8 Tips For Networking Like A Rocket Scientist

Beloved by student affairs professionals, despised by anyone hunting for a job, networking encompasses a huge spectrum of activities ranging from formal cocktail receptions to simple handshakes, yet the concept of networking remains nebulous and even intimidating to more than just unemployed undergrads. Buried beneath embossed business cards are a concrete set of skills that are fundamental to how knowledge is exchanged worldwide.
In today’s scientific climate, professional networking is a must. Not only are scientists facing a host of global crises and challenges, they also have to contend with budget shortages and increasingly rely on professional relationships to identify funding sources, collaborators and partners. Compound that with the challenges faced by scientists from countries that are emerging or re-emerging onto the global scientific playing field, and the need to network increases exponentially. It is for this reason that CRDF Global is in the professional network building business.
Currently, we are working with biological scientists from Iraq and Afghanistan to develop and hone their professional network building skills so that they might be better able to join the international exchange of ideas at conferences and workshops, have access to expanded academic resources and eventually lay the groundwork for cross-border research collaboration.
In the AAAS journal, Science, Dick van Vlooten explains, “Human networks form structures that allow for the fast finding of information.” If you are a veterinary diagnostic laboratory technician from Al-Najaf, Iraq and you are faced with an outbreak of a new strain of foot and mouth disease (FMD), you need immediate access to genotype information from around the world to help you identify the correct vaccine that will prevent further livestock infection. This is easy to access if you just returned from attending a conference where you met colleagues who have recently dealt with FMD outbreaks and can share their data.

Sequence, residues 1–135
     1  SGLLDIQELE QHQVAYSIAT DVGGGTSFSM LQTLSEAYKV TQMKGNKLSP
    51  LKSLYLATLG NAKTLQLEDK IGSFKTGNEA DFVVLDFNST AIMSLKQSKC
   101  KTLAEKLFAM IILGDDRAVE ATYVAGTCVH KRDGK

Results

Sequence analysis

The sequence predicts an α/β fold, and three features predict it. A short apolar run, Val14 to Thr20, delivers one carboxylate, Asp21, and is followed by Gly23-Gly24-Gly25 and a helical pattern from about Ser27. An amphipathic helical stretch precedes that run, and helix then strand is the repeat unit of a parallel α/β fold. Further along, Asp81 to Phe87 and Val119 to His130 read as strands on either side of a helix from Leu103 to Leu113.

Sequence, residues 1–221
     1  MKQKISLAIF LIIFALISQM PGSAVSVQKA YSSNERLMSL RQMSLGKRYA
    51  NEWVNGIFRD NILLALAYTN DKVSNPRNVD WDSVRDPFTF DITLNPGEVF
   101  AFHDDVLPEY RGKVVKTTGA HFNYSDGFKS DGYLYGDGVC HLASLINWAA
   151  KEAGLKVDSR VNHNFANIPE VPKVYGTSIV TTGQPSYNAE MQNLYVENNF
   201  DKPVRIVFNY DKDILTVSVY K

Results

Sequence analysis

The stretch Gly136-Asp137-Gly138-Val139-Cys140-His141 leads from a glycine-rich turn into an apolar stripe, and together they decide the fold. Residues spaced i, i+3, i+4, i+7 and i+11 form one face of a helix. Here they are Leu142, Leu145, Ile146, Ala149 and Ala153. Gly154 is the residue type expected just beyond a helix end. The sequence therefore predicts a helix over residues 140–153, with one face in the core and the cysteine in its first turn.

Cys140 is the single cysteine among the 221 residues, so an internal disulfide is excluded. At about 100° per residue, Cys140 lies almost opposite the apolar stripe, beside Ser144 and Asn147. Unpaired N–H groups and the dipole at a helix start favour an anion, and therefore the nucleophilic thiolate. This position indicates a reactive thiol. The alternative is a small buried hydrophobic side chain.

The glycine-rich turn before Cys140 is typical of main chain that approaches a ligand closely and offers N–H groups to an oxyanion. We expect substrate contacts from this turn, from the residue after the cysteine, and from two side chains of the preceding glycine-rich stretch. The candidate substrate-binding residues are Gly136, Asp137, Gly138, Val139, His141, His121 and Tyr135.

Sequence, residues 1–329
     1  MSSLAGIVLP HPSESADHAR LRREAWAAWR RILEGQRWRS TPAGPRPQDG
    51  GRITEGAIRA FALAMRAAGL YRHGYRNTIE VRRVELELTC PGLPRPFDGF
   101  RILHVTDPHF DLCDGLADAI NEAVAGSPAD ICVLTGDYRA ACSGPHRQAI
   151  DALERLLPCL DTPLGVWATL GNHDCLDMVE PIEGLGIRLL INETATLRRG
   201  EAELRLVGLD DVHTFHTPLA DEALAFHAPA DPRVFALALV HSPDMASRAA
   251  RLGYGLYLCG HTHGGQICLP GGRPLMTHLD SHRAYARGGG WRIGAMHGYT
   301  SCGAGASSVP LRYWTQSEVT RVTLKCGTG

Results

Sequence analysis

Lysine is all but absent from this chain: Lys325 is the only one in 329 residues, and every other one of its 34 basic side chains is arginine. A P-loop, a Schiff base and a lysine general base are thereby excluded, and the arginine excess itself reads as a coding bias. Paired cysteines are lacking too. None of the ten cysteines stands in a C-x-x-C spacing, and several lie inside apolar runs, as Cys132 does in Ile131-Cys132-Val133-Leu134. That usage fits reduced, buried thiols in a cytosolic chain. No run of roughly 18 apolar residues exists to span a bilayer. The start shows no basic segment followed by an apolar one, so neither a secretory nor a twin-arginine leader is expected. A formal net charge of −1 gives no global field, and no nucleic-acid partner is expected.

Or perhaps you are responsible for all epidemiological surveillance in Herat Province, Afghanistan and need to transport blood samples from the field to the lab in the hot summer months. If you have a colleague in Arizona who also struggles with summer heat and sample collection, you can compare notes and design protocols for using dried blood spot testing that will withstand the heat.
This is why CRDF Global is committed to connecting scientists with their international colleagues and providing them with the tools, techniques and opportunities to develop their professional networks and leverage those connections to accomplish meaningful research. One simple handshake at a conference holds the potential to launch a joint research project that could ultimately cure cancer.
But since networking is such a cumbersome concept, we narrowed down exactly what those tools and techniques mean for scientists and we came up with these guiding principles for our network building work. Here are eight tips that will help you network like Neil Degrasse Tyson himself at your next scientific event: